The Canadian Information Processing Society
(CIPS) announced today the revamping of a professional designation for
Information Technology (IT) workers. The Information Systems Professional
(I.S.P.) of Canada designation is being strengthened and is now available to
academics, IT leaders and experienced IT professionals, three groups of IT
workers that were not eligible for the designation previously.
“The need for an IT designation that acknowledges senior executives and
educators as well as the broad range of IT experts in our profession is vital
in meeting today’s technology demands. Considering the potential technology
mishaps that can occur and may even endanger lives, these IT leaders need to
take a leadership role in ensuring that those they direct and mentor act
ethically and have the necessary education and experience to practise…and
that they themselves are continuously keeping their IT knowledge current,”
said CIPS President Dennis Hulme I.S.P.
CIPS will officially launch the new I.S.P. designation program during
I.S.P. Week in October 2006. While CIPS puts the finishing touches on the
program, the association is starting a campaign to educate the industry about
the benefits of the improved designation, starting today at the INFORMATICS IT
conference which runs from May 28 to May 30 at the Victoria Conference Centre.
Other key improvements to strengthen the I.S.P. designation include the
creation of a Body of Knowledge and the revision of the Code of Ethics:
– The CIPS Body of Knowledge is a tool to help employers to accurately
assess the technical skills of IT workers. This will help companies to
plan work assignments and help select the most appropriate employees
for their needs.
– The CIPS Code of Ethics is a newly revised guide to professional
conduct for today’s standards. The Code is designed to help guide IT
workers in maintaining the highest level of ethical conduct, standards
of practice and integrity with respect to their IT activities.
“I believe the new and improved I.S.P. designation, the Body of Knowledge
and Code of Ethics, will help address current compliance laws, encourage
ethical behaviour, help mitigate technology risk, and ensure that best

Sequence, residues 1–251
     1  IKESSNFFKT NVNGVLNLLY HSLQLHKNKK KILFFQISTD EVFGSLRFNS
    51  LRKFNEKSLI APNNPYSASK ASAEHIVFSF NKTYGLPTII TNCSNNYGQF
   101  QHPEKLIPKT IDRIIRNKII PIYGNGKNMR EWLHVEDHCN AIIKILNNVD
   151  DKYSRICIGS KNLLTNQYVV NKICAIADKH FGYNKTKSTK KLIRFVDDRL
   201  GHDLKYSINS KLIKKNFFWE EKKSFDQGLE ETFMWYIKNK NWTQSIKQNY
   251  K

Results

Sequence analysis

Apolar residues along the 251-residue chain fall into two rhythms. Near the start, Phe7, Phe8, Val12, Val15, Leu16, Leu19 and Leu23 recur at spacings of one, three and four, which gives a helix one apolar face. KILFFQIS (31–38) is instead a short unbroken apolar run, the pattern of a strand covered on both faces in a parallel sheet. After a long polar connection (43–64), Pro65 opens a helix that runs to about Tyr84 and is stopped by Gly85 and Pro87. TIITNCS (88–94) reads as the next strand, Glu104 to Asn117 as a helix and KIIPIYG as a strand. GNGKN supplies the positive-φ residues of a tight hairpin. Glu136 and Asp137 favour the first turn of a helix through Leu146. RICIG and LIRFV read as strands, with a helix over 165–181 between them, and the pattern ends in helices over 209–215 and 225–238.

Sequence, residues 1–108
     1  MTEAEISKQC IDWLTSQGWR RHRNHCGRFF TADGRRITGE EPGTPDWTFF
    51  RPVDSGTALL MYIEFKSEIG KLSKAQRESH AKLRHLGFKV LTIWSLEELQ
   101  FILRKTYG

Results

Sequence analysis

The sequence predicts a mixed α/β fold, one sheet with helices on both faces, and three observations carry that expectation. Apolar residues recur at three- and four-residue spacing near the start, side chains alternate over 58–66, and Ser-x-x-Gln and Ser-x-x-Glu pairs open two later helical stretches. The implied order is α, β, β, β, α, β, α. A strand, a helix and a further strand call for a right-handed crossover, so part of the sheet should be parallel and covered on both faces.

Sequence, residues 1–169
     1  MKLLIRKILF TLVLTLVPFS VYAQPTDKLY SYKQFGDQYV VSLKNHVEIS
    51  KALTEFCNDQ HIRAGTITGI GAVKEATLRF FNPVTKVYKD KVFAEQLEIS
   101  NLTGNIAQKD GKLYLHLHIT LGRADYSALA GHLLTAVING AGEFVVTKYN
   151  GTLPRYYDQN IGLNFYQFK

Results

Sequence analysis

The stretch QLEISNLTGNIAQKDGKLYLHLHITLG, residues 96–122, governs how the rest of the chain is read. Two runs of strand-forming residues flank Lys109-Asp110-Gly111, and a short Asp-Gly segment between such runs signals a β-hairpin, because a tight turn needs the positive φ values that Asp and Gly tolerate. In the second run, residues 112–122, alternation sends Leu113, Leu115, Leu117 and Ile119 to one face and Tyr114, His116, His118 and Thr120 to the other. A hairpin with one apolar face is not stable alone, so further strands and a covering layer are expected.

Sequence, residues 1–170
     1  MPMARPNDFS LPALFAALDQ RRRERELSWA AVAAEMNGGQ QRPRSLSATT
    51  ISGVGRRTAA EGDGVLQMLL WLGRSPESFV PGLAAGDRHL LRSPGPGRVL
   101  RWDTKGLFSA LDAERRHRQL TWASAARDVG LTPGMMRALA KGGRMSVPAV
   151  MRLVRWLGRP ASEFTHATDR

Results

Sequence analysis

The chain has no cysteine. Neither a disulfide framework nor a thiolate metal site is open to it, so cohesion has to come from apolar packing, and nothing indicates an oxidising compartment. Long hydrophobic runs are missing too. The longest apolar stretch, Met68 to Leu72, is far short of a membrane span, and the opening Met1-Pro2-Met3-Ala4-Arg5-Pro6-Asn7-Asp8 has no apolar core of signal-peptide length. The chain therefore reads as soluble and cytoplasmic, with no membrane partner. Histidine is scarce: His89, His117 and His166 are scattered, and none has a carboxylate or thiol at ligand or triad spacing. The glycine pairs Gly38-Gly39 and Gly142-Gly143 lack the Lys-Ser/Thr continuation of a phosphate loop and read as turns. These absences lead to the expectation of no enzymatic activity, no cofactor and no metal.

security practices are followed,” said Kerry Augustine I.S.P., a Director at
Great West Life in Winnipeg.
Under the enhanced I.S.P. designation, there will be three new
qualifications for IT workers:
– New Qualification No. 1: Established Academics – This qualification is
aimed at educators in Canadian universities or equivalent.
– New Qualification No. 2: IT Leaders – This qualification is directed
to senior IT leaders who are responsible for IT strategies, resources,
and operations at their organization.
– New Qualification No. 3: Established IT Professionals – This
qualification is aimed at established IT professionals who possess
professional IT experience but may not hold a traditional IT degree.
The new I.S.P. designation qualifications still maintain the high
standards of the designation.
“We strongly urge chief technology and information officers to become
I.S.P. holders under the new qualification No. 2: IT leaders. They need to
lead by example. The designation is a way for them to demonstrate to their
customers, clients and the public that their IT departments meet the highest
of standards,” added Hulme.
The I.S.P. is the only designation for IT professionals recognized by law
in Canada. It was introduced in 1989 by CIPS, Canada’s association of IT
professionals and is legislated as a self regulating designation in six
provinces: British Columbia, Alberta, Saskatchewan, Ontario, Nova Scotia and
New Brunswick. Other provinces are working towards similar legislation through
their provincial government. Holders of the I.S.P. designation possess the
education and experience to practice in the field of IT. Holders also abide by
a Code of Ethics and Standards of Practice and are required to keep their
professional knowledge current.